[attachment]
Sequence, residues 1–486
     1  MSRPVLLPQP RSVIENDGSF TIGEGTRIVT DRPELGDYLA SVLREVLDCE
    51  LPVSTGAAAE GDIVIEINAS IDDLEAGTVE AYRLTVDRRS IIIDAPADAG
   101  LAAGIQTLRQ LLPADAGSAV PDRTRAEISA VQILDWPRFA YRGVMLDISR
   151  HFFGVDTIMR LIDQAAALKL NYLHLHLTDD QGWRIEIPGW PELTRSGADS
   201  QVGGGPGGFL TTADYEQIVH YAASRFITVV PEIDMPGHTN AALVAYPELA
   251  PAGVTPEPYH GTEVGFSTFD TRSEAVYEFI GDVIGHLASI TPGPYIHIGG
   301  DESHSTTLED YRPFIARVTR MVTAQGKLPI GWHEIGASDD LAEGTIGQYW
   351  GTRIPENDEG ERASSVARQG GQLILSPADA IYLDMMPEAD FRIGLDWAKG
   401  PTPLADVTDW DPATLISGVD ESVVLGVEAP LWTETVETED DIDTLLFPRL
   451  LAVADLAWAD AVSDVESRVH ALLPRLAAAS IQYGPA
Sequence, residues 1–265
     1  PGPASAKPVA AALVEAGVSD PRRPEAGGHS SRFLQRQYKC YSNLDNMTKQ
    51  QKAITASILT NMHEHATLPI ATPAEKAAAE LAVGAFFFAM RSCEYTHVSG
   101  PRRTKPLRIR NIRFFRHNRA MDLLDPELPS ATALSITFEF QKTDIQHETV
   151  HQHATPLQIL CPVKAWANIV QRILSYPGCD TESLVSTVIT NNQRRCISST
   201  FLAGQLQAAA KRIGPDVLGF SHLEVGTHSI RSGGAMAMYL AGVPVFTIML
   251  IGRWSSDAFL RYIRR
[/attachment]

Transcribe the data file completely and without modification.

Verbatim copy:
Sequence, residues 1–486
     1  MSRPVLLPQP RSVIENDGSF TIGEGTRIVT DRPELGDYLA SVLREVLDCE
    51  LPVSTGAAAE GDIVIEINAS IDDLEAGTVE AYRLTVDRRS IIIDAPADAG
   101  LAAGIQTLRQ LLPADAGSAV PDRTRAEISA VQILDWPRFA YRGVMLDISR
   151  HFFGVDTIMR LIDQAAALKL NYLHLHLTDD QGWRIEIPGW PELTRSGADS
   201  QVGGGPGGFL TTADYEQIVH YAASRFITVV PEIDMPGHTN AALVAYPELA
   251  PAGVTPEPYH GTEVGFSTFD TRSEAVYEFI GDVIGHLASI TPGPYIHIGG
   301  DESHSTTLED YRPFIARVTR MVTAQGKLPI GWHEIGASDD LAEGTIGQYW
   351  GTRIPENDEG ERASSVARQG GQLILSPADA IYLDMMPEAD FRIGLDWAKG
   401  PTPLADVTDW DPATLISGVD ESVVLGVEAP LWTETVETED DIDTLLFPRL
   451  LAVADLAWAD AVSDVESRVH ALLPRLAAAS IQYGPA
Sequence, residues 1–265
     1  PGPASAKPVA AALVEAGVSD PRRPEAGGHS SRFLQRQYKC YSNLDNMTKQ
    51  QKAITASILT NMHEHATLPI ATPAEKAAAE LAVGAFFFAM RSCEYTHVSG
   101  PRRTKPLRIR NIRFFRHNRA MDLLDPELPS ATALSITFEF QKTDIQHETV
   151  HQHATPLQIL CPVKAWANIV QRILSYPGCD TESLVSTVIT NNQRRCISST
   201  FLAGQLQAAA KRIGPDVLGF SHLEVGTHSI RSGGAMAMYL AGVPVFTIML
   251  IGRWSSDAFL RYIRR